Today we remind ourselves and each other by examining one more “Don’t go there.” It involves Jesus’ encounter with the Samaritan woman described in our text. Many lessons are taught there, but we are going to look at one in particular. The woman whom Jesus met was living in sin. She’d had five husbands and was, when Jesus met her, living in sin with a man who was not her husband.
Can you imagine what our society today would have said to Jesus the moment He began to contemplate bringing up this particular subject? They would have shouted, in deafening unison, “Don’t go there!” They would have pleaded, threatened, tried to shame Him into anything but that. They would have screamed at Him, “Judge not! Judge not! Judge not!” Jesus went there anyway. He dove in, all-in, head first. He began with a simple, “Go call your husband.” And He followed up by simply dragging her shameful sin into the light of day: “You are right in saying, ‘I have no husband’ for you have had five husbands, and the one you now have is not your husband. What you have said is true.” [vv.16ff]
How could Jesus have made such a mistake? How could He have stumbled so clumsily into what was obviously a most disagreeable and uncomfortable confrontation? How could He have committed so great a social faux pas? Didn’t He know how the game was played? Didn’t He know that He was supposed to just pretend that such things weren’t happening; or if they were happening He was supposed to act and speak as if all was well? Jesus, obviously, knew all that the world expected of Him in that situation. The fact that He went there anyway teaches us a vital lesson. He loved this woman—loved her so much that He wanted her with Him in Heaven for all eternity. Because of that love, He wouldn’t allow her to slide quietly into the night of eternal torment. He knew full well that saving faith cannot coexist in a heart that has given itself over to sin. Her sin was as a great, infectious boil that had to be lanced if she was to survive. It was unpleasant in the extreme, but absolutely necessary.
The woman’s reaction is typical. She did what most of us sinners do when first confronted with our sins: she tried to change the subject, rationalize, or, better yet, attack her accuser. The woman, no doubt ashamed, seems to try a combination of all three: “Our fathers worshiped on this mountain, and you Jews say that in Jerusalem is the place where one ought to worship.” [v.20] What in the world does this have to do with the woman’s five husbands and live-in boyfriend? What did it have to do with her sin? Nothing at all. That’s the point. The woman rolls a rationalization, an accusation, and a change of the subject all into one big evasion. In effect she is telling Jesus that she would like to repent and change her ways, but she can’t because the religious leaders—including Jesus Himself—have her so confused about whether she needs to go to Jerusalem or to Samaria to repent. In her twisted, sin-enslaved mind she is actually blaming Jesus for her ongoing sin. Since He is a prophet, He is a spiritual leader and, therefore, a part of the problem that’s keeping her from changing her ways. It’s just not her fault.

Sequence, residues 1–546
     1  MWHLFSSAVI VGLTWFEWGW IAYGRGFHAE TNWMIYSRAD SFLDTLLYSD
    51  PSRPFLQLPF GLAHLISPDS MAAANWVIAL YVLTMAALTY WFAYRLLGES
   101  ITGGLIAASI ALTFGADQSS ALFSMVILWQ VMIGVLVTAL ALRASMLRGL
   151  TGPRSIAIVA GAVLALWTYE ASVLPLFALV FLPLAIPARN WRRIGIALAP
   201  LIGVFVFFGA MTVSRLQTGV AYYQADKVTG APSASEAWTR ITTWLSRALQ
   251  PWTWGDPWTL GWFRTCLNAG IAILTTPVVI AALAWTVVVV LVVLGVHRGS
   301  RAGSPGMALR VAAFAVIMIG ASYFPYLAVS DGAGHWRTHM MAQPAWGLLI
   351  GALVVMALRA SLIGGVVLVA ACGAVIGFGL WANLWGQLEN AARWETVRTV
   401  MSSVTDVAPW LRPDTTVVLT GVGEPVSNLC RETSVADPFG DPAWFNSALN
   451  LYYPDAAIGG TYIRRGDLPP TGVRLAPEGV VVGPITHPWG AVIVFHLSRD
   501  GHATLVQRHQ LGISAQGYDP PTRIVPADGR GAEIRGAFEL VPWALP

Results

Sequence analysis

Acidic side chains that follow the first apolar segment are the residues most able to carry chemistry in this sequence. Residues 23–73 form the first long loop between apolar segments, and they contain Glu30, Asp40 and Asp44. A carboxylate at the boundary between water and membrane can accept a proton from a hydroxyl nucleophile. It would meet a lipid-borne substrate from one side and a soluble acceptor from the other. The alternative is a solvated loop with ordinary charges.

Jesus proceeds to tear down all of the woman’s defenses, to redirect all of her diversions. Finally, having had all of the many layers of deception and denial stripped away, the Master knows when the Law has done its work for the woman turns to the heart of the matter: “I know that Messiah is coming” (who is called Christ). “When He comes, He will tell us all things.” [v.25]
Jesus evidently recognized not only that the woman had been crushed under the weight of her sin. He gives the woman one of the clearest and most direct statements we find in the Bible up to this point in Jesus’ life: “I who speak to you am He.” [v.26]
Because Jesus “went there,” and only because He went there, the end of our text is truly a happy ending. The seed, the Law and Gospel planted by Jesus, came to life in the Samaritan woman. The woman then became a missionary among her own people and through the testimony of this one woman the first of many generations was turned to the Lord Jesus. Truly this is one of the greatest studies found in the Bible on how to reach those who are dying; yet if you break it down into its basic components, what do you find? Simple Law and Gospel that are honestly, lovingly, and forthrightly applied. How exciting to recognize that these are the very same tools we have been given to carry out this same work today.